Here at UC Berkeley, people come from all over — across the street, across the bay and across the world. For those of us who have come from close by, it’s easy to get our fix of the culture we know: We can just pop back home on a train or a bus. But if you come from farther afield, it might be harder to get a slice of home when it’s what you’re craving. Local music venues are here to help. Whether you’re after Australian punk, Chinese opera or contemporary Mexican jazz-classical this summer, the Bay Area’s got you covered.
First up, down under: Fresh from playing at Burger Boogaloo in Oakland, the Gooch Palms serves up garage punk and plenty of color — with guitarist Leroy Macqueen’s mullet and drummer Kat Friend’s dynamic pink hair — at the Chapel for $15 on Aug. 9. Hailing from Australia, the Gooch Palms is energetic and raw, peppering its raucous, catchy songs with down-to-earth onstage banter. For fans of FIDLAR, Ty Segall.
If it’s something a little more Northern and a little more genre defying you’re after, try Vasen, a Swedish group. Featuring instruments as diverse as the viola, nykelharpa (a 16-string relative of the fiddle) and 12-string guitar, Vasen offers melodic, joyous tunes at the Freight and Salvage on Sunday for $24-26. For fans of Groupa, Ranarim.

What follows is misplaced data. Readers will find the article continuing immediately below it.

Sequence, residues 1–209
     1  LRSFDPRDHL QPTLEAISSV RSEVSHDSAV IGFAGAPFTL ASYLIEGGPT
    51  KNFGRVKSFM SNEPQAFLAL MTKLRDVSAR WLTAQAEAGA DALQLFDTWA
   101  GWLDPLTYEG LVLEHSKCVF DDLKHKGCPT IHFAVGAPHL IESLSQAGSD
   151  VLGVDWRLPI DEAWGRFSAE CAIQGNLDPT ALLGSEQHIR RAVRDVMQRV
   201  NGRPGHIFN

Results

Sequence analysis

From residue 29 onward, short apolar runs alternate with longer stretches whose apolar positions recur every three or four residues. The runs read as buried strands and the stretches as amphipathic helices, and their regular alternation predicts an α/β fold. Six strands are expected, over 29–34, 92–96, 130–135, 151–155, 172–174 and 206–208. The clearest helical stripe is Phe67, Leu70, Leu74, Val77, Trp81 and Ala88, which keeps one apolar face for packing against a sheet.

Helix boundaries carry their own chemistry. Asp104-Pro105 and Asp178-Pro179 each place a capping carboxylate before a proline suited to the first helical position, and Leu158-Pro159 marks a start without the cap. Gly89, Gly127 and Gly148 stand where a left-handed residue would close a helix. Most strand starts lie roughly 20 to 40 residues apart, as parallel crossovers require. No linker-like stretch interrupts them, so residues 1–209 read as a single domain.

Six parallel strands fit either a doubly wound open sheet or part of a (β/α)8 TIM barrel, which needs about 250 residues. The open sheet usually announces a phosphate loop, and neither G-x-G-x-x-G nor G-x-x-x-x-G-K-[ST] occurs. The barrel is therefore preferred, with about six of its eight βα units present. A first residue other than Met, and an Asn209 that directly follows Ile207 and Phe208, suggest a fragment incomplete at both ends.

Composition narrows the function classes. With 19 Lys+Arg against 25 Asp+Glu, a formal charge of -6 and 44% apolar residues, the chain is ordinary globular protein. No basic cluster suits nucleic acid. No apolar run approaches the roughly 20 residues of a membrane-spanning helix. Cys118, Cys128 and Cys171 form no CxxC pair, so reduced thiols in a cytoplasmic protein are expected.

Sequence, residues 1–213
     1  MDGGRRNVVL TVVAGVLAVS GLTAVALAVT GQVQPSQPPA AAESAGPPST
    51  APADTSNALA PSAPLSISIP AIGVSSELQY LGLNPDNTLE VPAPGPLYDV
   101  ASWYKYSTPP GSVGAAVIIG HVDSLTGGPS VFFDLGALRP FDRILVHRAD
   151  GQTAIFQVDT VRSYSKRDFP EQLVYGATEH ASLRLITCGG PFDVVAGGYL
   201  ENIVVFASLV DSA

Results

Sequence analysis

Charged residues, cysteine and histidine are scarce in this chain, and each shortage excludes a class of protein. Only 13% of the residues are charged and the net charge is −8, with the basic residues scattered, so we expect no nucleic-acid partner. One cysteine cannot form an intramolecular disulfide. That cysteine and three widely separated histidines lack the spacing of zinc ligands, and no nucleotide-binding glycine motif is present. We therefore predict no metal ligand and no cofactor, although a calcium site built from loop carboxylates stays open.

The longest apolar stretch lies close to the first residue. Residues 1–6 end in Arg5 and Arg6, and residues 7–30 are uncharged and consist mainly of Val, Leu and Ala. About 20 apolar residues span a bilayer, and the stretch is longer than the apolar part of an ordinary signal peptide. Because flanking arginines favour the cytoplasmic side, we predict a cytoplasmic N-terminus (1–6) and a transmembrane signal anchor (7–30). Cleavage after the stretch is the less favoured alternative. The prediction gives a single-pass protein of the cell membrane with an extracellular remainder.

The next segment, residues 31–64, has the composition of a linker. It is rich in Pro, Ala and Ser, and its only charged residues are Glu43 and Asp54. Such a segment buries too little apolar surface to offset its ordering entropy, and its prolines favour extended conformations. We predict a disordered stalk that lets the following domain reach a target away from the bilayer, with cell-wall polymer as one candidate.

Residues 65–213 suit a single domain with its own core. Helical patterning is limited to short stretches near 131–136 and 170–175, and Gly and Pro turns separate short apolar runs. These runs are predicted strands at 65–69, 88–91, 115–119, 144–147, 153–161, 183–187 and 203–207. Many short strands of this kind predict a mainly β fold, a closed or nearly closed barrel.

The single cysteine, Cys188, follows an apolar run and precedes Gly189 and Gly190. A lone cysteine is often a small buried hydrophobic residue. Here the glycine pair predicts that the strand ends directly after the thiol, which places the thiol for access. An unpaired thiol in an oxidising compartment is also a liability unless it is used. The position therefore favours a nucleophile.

From the other end of the globe but at the same venue, catch Villalobos Brothers at the Freight and Salvage on Aug. 9 for $26-28. With its roots in Xalapa, Mexico, the band consists of brothers Ernesto, Alberto and Luis Villalobos — as well as Humberto Flores, Leo Sherman and Rosa Avila — and features a range of instruments, from bass to vocals to violin to guitar. Currently based in New York, the sextet draws influences from rock, jazz, classical and folk to produce contemporary Mexican music that’s uplifting and peaceful at the same time. For fans of Manuel M Ponce, Magaby.
Crossing the globe, listen to some short operettas from the Enchantment Plot and Bloodshed in Wei-Yang Palace at the Yerba Buena Center for the Arts in San Francisco on Aug. 2. These live performances are part of the fundraiser for Gum Moon Women’s Residence and the Asian Women’s Resource Center, or AWRC, which was established to provide support services to Asian immigrant women and families with children, according to the organization’s website. By purchasing tickets for about $30, you can help support the AWRC and see some cool Chinese operettas, too.
If your summer plans are a little less “make a date” and a little more “make it up as you go along,” the Starry Plough is always a good bet for drop-in entertainment, as it has music or other events every day of the week. On Mondays and Sundays, the focus is on the pub’s Irish heritage. On Mondays, pop in for Irish dancing and ceili for a suggested donation of $5, and on Sundays, the pub hosts live traditional Irish music with players and singers welcomed for no fee, although donations are appreciated.